WASHINGTON, April 12, 2016 - The “waters of the U.S.” rule is in limbo, but its potential impact is causing widespread concern among farmers, Tom Buchanan, president of the Oklahoma Farm Bureau, told a Senate subcommittee today.

Development of new business plans is on hold “as this hangs over our head,” Buchanan said. “Potentially being able to make any new ag business plans are on hold because we don’t really know where this is going to go. Additionally, any sale or purchase of land is in question now. What could that land be used for? So, the impact is growing and is beginning to scare rural America and is really impacting the rights of private property owners.”

The rule is currently stayed nationally as a multitude of parties argue whether all the judges in the 6th Circuit Court of Appeals should decide the legality of the rule, or whether the dispute properly belongs in the district courts.

The hearing, held by Sen. Mike Rounds, R-S.D., chairman of the Subcommittee on Waste, Superfund and Oversight Management, focused on EPA’s implementation of the Regulatory Flexibility Act, which requires the agency to convene a Small Business Advocacy Review panel and prepare a Regulatory Flexibility Analysis when it determines that a proposed regulation will have a significant economic impact on a substantial number of small businesses.

But it can also avoid doing both of those if it “certifies” that a substantial number of small entities won’t be affected – which is what EPA and the U.S. Army Corps of Engineers did with WOTUS. The Small Business Administration’s Office of Advocacy disagreed, citing the agencies’ own economic analysis, which estimated that Clean Water Act Section 404 permitting costs “would increase between $19.8 million and $52 million annually, and (that) Section 404 mitigation costs would rise between $59.7 million and $113.5 million annually,” according to a letter from SBA to EPA Administrator Gina McCarthy on Oct. 1, 2014.

No new legislation is imminent, EPW staff said Monday, but they pointed to a lack of clarity in the law. For example, the RFA does not define terms such as “significant economic impact” and “substantial number of small entities.” In addition, the law contains no provisions to reconcile disputes between EPA and SBA’s Office of Advocacy.

Three of the five panelists – Buchanan, Thomas Sullivan, a lawyer at the Washington, D.C., firm of Nelson Mullins Riley & Scarborough; and Michael Canty, president and CEO of Alloy Bellows & Precision Welding Inc. of Cleveland – said EPA needs to listen to the SBA and take small firms’ concerns into consideration when crafting regulations.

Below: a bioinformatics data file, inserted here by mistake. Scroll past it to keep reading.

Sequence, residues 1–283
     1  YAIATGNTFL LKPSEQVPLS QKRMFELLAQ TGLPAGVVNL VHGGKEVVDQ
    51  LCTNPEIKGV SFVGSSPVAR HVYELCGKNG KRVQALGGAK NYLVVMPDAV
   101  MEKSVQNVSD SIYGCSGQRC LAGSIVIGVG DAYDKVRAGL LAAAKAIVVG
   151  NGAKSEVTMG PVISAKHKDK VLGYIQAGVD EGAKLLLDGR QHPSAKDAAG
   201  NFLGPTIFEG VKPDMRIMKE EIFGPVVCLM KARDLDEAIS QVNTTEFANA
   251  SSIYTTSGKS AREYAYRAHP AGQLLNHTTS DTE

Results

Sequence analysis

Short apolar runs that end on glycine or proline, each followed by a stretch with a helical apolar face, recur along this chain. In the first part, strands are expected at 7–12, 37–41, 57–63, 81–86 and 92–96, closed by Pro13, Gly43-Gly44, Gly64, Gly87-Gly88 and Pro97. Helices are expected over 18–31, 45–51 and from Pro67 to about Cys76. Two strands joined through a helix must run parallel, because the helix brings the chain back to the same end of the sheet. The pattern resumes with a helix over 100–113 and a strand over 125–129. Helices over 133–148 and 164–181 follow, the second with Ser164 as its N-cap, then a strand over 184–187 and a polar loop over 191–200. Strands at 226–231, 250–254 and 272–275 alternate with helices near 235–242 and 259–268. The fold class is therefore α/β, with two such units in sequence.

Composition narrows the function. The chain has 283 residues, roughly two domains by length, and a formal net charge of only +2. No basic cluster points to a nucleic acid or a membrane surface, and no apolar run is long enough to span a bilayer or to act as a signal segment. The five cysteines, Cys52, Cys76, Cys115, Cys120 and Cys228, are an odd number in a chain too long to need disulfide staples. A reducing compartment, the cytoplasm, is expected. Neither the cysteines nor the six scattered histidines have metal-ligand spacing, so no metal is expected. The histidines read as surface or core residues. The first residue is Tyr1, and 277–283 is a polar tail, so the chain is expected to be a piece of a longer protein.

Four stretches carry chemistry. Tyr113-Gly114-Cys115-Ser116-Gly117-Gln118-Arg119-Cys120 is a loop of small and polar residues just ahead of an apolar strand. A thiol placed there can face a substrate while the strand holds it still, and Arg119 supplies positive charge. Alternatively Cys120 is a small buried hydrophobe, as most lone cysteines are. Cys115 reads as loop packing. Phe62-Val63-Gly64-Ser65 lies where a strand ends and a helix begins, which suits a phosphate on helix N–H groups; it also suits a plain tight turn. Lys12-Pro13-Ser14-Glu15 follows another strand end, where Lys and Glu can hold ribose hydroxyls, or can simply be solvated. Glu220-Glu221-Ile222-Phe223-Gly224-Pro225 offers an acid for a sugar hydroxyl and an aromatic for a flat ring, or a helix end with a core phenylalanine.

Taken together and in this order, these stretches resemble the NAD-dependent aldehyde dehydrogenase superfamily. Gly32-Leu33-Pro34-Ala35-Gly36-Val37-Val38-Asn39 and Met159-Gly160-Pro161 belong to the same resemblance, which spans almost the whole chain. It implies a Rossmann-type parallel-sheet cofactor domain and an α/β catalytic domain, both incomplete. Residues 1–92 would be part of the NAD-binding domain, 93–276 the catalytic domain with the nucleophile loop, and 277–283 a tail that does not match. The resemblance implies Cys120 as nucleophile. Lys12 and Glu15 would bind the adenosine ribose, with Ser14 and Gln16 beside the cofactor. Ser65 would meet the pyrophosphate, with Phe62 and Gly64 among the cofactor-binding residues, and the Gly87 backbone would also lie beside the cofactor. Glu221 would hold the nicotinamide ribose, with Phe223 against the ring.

Sullivan, a former head of SBA’s Office of Small Business Advocacy, said recent data show that small firms create two-thirds of the net new jobs in this country and produce “16 times more patents per employee than their larger business competitors,” but they also are hit harder by regulations than their larger counterparts. 

“Small businesses with fewer than 50 employees shoulder $11,724 per employee per year to keep up with regulatory mandates,” he told the subcommittee.

EPA needs to take the RFA more seriously, he said. “There are times when EPA’s deadlines, whether they are judicial, statutory or political, push (agency) careerists to approach the Regulatory Flexibility Act as a set of bureaucratic procedural hurdles,” he said.

The other two panelists, Frank Knapp Jr., president and CEO of the South Carolina Small Business Chamber of Commerce, and Emily Reichert, CEO of Greentown Labs in Massachusetts, said market-driven strategies could co-exist with regulation.

“Despite being in one of the most heavily regulated states in the country, in 2015, Massachusetts experienced the largest single year of growth in the clean energy industry since reporting began in 2010, at 11.9 percent, which represents 10,500 new jobs,” said Reichert, whose Greentown Labs in Somerville is the largest clean tech incubator in the country.

Knapp, who is also the co-chair of the American Sustainable Business Council, an organization that represents 200,000 businesses, said ASBC and the South Carolina Small Business Chamber “applaud the effort to reduce carbon emissions to restrain climate change and its significant negative economic impacts” through the Obama administration’s Clean Power Plan.

“Small business also supports the intent of the Waters of the U.S. rule,” he told the panel. “Besides the obvious environmental damage, water pollution brings huge economic burdens to small businesses, many of which may have to shut down temporarily if water sources are polluted.”



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